|Today's data releases||Key levels|
|09:30||UK trade balance & industrial/manufacturing production||Support||Resistance|
|12:00||NIESR GDP estimate||GBP/USD||1.3205||1.3467|
|16:00||Merkel meets IMF's Lagarde||GBP/EUR||1.1309||1.1520|
As the UK basked in glorious sunshine over the weekend, there was a much darker cloud resting over Montreal, Canada, as the G7 summit descended into a farce. In an extraordinary outburst, senior aides to the US President, Donald Trump, accused his G7 counterparts of stabbing him in the back. Mr Trump said that he would not sign the G7 communiqué that endorsed “a rules-based international order” and had been agreed with the leaders of Britain, France, Germany, Italy, Canada and Japan. With former BFF, President Macron, accusing Trump of “incoherence and inconsistency”, while Chancellor Merkel referred to Trump’s comments as “sobering and depressing”, this marks a new low in relations between the US and Europe. With Trump’s scheduled visit to the UK rapidly approaching, we’re sure this is the last thing our battle weary PM needs who is already struggling with Tory infighting, rising opposition, public dissatisfaction and of course, Brexit. Or come to think of it, maybe the Trump visit will provide her with the distraction she needs!
It does seem that Trump had his eyes elsewhere, namely the historic meeting with Kim Jong-un set to take place on the resort island of Sentosa tomorrow. This will be the first between a sitting US President and a North Korean leader. With nuclear disarmament the key goal for Trump and his team, all eyes will certainly be on how talks progress but with both leaders known for their unpredictability any number of outcomes are possible here so it will certainly make for intriguing headlines.
The week ahead
With the World Cup set to begin on Thursday, there are a number of key events this week that will whet the appetite. Firstly the EU Withdrawal Bill is set to return to the Commons on Tuesday and Wednesday, with the government trying to overturn up to 15 amendments from the House of Lords. In particular the debate on the Lords version of a ‘meaningful vote’ could prove problematic for the PM. The US takes centre stage on Wednesday evening with the FOMC decision. As economic momentum continues, along with the labour market tightening and core inflation measures firming, we still predict a 25bp increase in the Fed funds target rate range to 1.75%-2.00%. Then on Thursday it’s the turn of the ECB and while a timetable for higher rates remains off the schedule for now, we expect a serious discussion about winding down QE over Q4 this year. While several senior Governing Council (GC) members have made upbeat comments over inflation, the evidence on economic activity is unconvincing and we doubt the GC will want to commit itself to halting asset purchases at this stage.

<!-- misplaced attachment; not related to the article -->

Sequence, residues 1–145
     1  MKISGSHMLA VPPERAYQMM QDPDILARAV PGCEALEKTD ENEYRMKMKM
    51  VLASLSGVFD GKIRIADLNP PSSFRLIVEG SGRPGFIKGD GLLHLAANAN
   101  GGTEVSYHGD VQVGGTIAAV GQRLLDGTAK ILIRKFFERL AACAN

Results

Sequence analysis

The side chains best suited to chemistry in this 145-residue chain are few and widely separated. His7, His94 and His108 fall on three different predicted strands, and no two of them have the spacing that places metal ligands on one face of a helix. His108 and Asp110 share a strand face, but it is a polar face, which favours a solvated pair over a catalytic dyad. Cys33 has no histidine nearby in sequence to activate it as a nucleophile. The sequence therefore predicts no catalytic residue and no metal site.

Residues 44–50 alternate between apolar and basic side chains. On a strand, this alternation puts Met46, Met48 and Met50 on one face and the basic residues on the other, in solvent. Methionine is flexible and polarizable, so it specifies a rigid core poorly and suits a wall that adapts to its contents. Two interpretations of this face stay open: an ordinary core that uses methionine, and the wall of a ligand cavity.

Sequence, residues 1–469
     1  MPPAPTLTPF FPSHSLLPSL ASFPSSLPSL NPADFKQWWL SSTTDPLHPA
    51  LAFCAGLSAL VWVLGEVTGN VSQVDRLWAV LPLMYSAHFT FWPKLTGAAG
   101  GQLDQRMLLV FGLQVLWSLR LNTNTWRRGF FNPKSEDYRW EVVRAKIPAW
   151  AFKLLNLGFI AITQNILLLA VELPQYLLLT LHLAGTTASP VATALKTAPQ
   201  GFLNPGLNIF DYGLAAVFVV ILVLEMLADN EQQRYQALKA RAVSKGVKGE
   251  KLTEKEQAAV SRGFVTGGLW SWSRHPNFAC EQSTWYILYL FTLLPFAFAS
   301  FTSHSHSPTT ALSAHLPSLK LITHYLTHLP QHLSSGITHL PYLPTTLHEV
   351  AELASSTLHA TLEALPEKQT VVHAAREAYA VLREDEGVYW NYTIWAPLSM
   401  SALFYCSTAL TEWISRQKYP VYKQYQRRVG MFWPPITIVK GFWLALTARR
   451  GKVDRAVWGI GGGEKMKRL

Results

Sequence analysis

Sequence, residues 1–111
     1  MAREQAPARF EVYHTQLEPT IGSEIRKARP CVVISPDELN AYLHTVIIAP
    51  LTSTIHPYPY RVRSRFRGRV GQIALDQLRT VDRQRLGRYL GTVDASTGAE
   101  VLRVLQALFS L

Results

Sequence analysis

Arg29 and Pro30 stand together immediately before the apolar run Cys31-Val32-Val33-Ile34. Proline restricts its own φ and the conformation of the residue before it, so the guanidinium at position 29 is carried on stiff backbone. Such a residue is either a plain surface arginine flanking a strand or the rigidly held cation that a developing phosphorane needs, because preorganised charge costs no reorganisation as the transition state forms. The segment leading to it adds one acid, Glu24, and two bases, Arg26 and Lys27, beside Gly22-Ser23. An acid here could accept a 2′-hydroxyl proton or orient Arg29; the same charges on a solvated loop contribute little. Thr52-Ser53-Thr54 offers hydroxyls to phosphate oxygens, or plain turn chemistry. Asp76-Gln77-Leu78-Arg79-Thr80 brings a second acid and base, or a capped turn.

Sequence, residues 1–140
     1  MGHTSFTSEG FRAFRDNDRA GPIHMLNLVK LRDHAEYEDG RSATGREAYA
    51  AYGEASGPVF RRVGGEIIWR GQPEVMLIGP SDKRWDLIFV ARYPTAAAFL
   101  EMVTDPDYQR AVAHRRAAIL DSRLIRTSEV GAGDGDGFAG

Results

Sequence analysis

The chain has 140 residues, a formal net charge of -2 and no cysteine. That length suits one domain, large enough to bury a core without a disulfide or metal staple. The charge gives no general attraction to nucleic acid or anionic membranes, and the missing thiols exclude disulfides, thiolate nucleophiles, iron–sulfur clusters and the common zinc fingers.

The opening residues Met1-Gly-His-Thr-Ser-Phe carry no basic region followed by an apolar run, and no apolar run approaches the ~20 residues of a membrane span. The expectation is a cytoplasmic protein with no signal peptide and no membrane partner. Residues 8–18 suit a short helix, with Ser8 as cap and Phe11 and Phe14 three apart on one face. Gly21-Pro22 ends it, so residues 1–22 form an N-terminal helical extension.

Thought of the day
South Africa and England rugby fans were treated to a thrilling game of rugby in the first Test match at Ellis Park. For the Boks it was a momentous occasion, a new team and a new coach and a new captain. Was this the dawn of a new Springbok era? A former Springbok as coach (I was a big fan of Rassie Erasmus as a Bok flanker), the country’s first ever black Captain and playing in the Highveld at the ground, historically, that South Africa never lose at. Yet, twenty minutes in to the first half and that dream was shattered… Eddie Jones’s England, who were overdue a good game, stormed into a commanding 24- 3 lead! Game over surely? The young Boks however, were in no mood to throw in the towel – with their backs against the wall and facing humiliation in their back yard, how would they respond? Surely there was no way back, surely the new coach was not up to the task and obviously the new captain was a political appointment? Wrong, wrong, wrong… just like currency markets, when you think you know all the answers, the unexpected inevitably happens. It was a fightback reminiscent of the great Bok teams of old, the men in green and gold came back to win by 3 points (final score 42-39) to leave Eddie Jones and his men having to pick up the pieces.